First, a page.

Contractor's 198M Voter Data Breach Exposes Third Party Risk (Corrected)

Bloomberg Law: Privacy & Data Security brings you single-source access to the expertise of Bloomberg Law’s privacy and data security editorial team, contributing practitioners,...

By Daniel R. Stoller

A Republican National Committee contractor's data breach that led to the exposure of 198 million voter files highlights the third-party vendor data security risks faced by companies and organizations, the company that discovered the breach told Bloomberg BNA June 19.

The data breach, first discovered by UpGuard Inc., compromised a repository of the personal details and political stances of 198 million U.S. citizens, the company said in a statement. The voter information data breach was due to “a misconfigured database owned by a third-party vendor hired by the RNC,” it said.

The contractor data breach serves as a reminder to businesses of the cybersecurity risks posed by third-party vendors, which more companies are relying upon to protect information as they move their data to cloud storage.

Mike Baukes, CEO of UpGuard, told Bloomberg BNA June 19 that the exposure of the voter data is “another example of third-party risk becoming problematic.” He said such breaches are preventable and often caused by “human error.”

Although the matter was “quickly resolved,” the data was exposed for “10-14 days,” and it is difficult to determine whether other groups or cybercriminals had access to the data during that time, Baukes said.

The third-party vendor involved in the breach, Deep Root Analytics, said in a June 19 statement that it is aware of the breach and accepts “full responsibility.” Changes to the company's security protocols June 1 led to the voter-data access, it said. The company has since updated its security settings.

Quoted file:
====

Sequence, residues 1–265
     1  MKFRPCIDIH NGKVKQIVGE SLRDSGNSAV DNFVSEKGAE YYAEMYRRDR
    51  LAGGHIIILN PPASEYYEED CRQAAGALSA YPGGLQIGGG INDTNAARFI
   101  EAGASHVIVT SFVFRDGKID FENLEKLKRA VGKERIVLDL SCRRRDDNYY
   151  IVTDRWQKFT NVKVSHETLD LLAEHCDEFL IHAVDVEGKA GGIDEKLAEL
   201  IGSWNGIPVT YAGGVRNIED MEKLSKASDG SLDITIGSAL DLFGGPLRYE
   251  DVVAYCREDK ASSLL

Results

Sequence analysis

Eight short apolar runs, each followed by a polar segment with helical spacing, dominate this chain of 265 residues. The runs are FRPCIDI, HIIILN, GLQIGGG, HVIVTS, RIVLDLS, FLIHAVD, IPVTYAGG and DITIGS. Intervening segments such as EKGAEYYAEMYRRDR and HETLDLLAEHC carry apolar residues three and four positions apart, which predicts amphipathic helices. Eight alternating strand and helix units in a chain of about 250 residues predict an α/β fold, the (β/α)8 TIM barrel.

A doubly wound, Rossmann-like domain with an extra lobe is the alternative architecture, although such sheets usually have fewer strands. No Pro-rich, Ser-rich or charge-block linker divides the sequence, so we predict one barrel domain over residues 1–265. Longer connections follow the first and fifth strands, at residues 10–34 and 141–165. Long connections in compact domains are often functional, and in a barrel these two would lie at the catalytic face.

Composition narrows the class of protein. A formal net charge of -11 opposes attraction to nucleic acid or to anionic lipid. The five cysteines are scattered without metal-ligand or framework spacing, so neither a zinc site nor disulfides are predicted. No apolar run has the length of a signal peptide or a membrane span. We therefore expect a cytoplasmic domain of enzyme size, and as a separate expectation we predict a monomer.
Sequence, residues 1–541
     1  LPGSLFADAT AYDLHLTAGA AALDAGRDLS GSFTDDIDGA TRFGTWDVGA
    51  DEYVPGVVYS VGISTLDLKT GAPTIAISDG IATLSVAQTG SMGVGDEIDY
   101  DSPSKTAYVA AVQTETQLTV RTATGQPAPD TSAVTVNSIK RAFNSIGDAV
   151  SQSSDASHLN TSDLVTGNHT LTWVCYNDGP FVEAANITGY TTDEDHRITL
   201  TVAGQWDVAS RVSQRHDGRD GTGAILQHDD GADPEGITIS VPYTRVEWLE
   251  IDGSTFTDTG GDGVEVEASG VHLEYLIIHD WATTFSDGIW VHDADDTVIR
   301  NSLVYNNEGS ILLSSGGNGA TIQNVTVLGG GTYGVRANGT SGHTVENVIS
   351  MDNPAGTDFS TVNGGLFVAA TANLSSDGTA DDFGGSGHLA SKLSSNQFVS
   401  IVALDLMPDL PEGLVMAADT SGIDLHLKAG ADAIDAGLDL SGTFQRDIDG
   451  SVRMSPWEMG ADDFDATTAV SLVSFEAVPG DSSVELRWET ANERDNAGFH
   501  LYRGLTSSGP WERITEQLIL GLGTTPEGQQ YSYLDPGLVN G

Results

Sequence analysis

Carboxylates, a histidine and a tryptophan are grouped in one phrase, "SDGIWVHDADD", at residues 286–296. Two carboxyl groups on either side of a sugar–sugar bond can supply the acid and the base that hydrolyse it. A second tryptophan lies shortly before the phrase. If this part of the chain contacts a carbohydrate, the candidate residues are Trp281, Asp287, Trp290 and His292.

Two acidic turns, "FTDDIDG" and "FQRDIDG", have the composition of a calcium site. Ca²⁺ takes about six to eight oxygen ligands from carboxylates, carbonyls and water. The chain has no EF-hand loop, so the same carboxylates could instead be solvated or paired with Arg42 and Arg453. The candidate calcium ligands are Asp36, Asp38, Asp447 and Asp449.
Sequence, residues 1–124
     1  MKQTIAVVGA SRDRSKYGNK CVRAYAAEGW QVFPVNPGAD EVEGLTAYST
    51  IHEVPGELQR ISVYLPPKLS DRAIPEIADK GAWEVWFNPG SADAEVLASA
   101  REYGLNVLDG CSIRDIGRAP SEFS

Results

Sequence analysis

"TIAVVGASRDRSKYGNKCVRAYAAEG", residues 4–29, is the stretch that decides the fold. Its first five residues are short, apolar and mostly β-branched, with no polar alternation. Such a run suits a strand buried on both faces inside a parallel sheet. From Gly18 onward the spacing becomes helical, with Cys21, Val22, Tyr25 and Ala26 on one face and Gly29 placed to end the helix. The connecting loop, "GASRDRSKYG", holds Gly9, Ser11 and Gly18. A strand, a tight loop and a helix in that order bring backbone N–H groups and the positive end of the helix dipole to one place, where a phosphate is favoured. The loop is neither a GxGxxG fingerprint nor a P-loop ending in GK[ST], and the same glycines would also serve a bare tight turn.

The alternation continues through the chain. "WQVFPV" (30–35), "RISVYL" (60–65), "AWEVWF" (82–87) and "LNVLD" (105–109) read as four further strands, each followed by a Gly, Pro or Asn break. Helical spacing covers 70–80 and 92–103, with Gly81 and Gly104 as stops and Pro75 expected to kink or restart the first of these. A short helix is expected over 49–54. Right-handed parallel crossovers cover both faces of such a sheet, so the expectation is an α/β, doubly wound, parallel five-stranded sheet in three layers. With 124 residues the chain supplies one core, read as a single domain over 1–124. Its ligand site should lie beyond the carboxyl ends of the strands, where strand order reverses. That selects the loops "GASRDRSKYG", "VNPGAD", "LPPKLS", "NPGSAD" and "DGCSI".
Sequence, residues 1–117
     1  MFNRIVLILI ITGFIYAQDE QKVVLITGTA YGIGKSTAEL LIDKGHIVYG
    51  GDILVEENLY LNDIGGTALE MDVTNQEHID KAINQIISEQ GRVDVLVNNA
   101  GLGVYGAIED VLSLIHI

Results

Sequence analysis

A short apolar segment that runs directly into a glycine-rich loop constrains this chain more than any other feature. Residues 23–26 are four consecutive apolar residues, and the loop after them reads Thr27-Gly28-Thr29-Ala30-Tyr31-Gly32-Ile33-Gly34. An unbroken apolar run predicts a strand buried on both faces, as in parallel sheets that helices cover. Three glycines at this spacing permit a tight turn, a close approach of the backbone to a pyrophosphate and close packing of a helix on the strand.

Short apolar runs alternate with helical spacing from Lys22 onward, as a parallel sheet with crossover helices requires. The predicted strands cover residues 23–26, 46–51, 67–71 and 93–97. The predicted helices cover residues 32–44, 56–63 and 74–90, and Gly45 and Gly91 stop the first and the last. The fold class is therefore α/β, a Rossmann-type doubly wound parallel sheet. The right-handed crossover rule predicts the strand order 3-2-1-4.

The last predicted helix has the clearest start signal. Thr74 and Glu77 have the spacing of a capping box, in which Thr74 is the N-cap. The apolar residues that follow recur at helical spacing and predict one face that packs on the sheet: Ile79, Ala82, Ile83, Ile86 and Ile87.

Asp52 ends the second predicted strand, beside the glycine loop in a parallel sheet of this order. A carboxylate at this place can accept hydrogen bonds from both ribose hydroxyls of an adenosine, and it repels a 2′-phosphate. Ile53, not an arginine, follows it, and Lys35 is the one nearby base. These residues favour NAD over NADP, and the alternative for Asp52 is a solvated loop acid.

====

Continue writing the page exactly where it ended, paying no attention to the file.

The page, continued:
Third Party Data Security

The contractor breach is one in a string of breaches over the past few years that have been connected with the data security of a third-party vendor.

For example, the Target Corp. breach that exposed as many as 60 million customers’ payment card data during the 2013 winter holiday shopping season has been attributed to a third-party vendor’s weak data security measures. More recently, the hack that led to the theft of Netflix Inc.'s ‘Orange is the New Black’ before its scheduled release date was attributed to a breach at Larson Studios, a post-production company.

John Suit, chief technology officer and cybersecurity professional at encryption solutions company Trivalent, told Bloomberg BNA June 19 in an email that the breach is “another example of data protection” not reaching needed levels in a growing online world. Companies must be cognizant of risks “posed by employees, vendors, contractors and partners, or next generation threats like ransomware,” he said.

A RNC spokesman told Bloomberg BNA that it “has halted any further work with the company pending the conclusion of their investigation into security procedures.” The RNC requires its third-party vendors to take “the security of voter information very seriously,” the spokesman said.

(The story has been corrected throughout to show that the data breach affected databases maintained by a third-party contractor, not to a RNC database.)

To contact the reporter on this story: Daniel R. Stoller in Washington at dStoller@bna.com

To contact the editor responsible for this story: Donald Aplin at daplin@bna.com

Copyright © 2017 The Bureau of National Affairs, Inc. All Rights Reserved.

Request Bloomberg Law: Privacy & Data Security